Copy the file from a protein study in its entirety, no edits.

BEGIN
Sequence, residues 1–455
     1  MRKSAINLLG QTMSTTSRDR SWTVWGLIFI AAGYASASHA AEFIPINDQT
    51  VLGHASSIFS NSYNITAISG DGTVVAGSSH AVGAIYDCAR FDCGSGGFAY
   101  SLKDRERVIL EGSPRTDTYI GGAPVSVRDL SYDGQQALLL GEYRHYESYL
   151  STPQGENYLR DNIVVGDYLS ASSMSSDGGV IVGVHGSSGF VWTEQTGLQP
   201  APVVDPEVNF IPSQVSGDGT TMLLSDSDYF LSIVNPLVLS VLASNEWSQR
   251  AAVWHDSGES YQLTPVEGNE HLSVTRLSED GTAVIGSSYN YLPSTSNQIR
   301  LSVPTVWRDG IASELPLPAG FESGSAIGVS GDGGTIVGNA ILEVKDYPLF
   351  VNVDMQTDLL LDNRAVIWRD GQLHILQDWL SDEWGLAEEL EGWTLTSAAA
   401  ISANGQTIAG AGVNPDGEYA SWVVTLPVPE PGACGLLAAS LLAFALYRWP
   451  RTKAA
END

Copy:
Sequence, residues 1–455
     1  MRKSAINLLG QTMSTTSRDR SWTVWGLIFI AAGYASASHA AEFIPINDQT
    51  VLGHASSIFS NSYNITAISG DGTVVAGSSH AVGAIYDCAR FDCGSGGFAY
   101  SLKDRERVIL EGSPRTDTYI GGAPVSVRDL SYDGQQALLL GEYRHYESYL
   151  STPQGENYLR DNIVVGDYLS ASSMSSDGGV IVGVHGSSGF VWTEQTGLQP
   201  APVVDPEVNF IPSQVSGDGT TMLLSDSDYF LSIVNPLVLS VLASNEWSQR
   251  AAVWHDSGES YQLTPVEGNE HLSVTRLSED GTAVIGSSYN YLPSTSNQIR
   301  LSVPTVWRDG IASELPLPAG FESGSAIGVS GDGGTIVGNA ILEVKDYPLF
   351  VNVDMQTDLL LDNRAVIWRD GQLHILQDWL SDEWGLAEEL EGWTLTSAAA
   401  ISANGQTIAG AGVNPDGEYA SWVVTLPVPE PGACGLLAAS LLAFALYRWP
   451  RTKAA